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Research @ CEHD

Starting at Home interventions

stress

Reducing childhood stress through improved parental interactions

In 2011, HDFS faculty members Jason Hustedt, Rena Hallam, Myae Han and Jennifer Vu, received a five-year $2 million grant though the Administration for Children and Families, U.S. Department of Health and Human Services to incorporate “Promoting First Relationships” parenting intervention (PFR; Spieker, Oxford, Kelly, Nelson, & Fleming, 2012) as part of an Early Head Start home visit delivery system.

Called Starting at Home, this project employees the 10-session PFR intervention which will be integrated into typical Early Head Start home visits by home visiting staff. The proposed study is designed to meaningfully capture the translation of the PFR intervention into an Early Head Start context and examine its effects as compared to typical Early Head Start home visiting services, which in this case follow the Parents as Teachers model.

The research design focuses on examining impacts and outcomes for Early Head Start parents and children as well as examining the extent to which participation in the PFR intervention as part of Early Head Start is linked to reductions in stress. Researchers will incorporate measures of treatment fidelity to ensure that the intervention is delivered as intended and to provide data aimed at identifying what further adaptations may be necessary to incorporate this model as part of Early Head Start home visiting.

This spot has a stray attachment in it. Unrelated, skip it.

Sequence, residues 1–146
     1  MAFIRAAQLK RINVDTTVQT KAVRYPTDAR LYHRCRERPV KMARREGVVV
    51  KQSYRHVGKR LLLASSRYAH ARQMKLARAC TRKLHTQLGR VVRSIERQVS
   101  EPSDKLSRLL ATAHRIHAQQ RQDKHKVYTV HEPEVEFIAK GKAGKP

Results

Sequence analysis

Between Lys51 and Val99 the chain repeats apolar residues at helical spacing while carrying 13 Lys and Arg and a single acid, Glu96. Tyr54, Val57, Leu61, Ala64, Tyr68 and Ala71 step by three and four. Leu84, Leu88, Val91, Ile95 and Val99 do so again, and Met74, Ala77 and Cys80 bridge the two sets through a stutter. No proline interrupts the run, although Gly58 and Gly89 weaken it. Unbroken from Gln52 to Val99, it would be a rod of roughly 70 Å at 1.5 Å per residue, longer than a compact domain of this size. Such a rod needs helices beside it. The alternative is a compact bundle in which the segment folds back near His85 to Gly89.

This project will address the following research questions:

1) What role do high levels of stress (“toxic stress”) play in the lives of children and families served by the Early Head Start program?

2) How can the PFR intervention be implemented in the context of existing home- and center-based Early Head Start programs?

3) How effective is the PFR intervention model in buffering Early Head Start children from toxic stress?

The project will employ a wait-list control group design that allows comparisons between intervention and non-intervention families while at the same time ensuring that local Early Head Start families have opportunities to receive the PFR intervention.

A variety of research tools will be used, including parent surveys, observation, and physiological measures. The physiological measures include measurement of infant/toddler cortisol.

Initial interpretation of the results will focus on examining impacts of the PFR intervention for parents and children. Results will also be used to make recommendations about maintenance and sustainability of this intervention model in Early Head Start.


To learn more about this research, see the Starting at Home article in UDaily.

 

 

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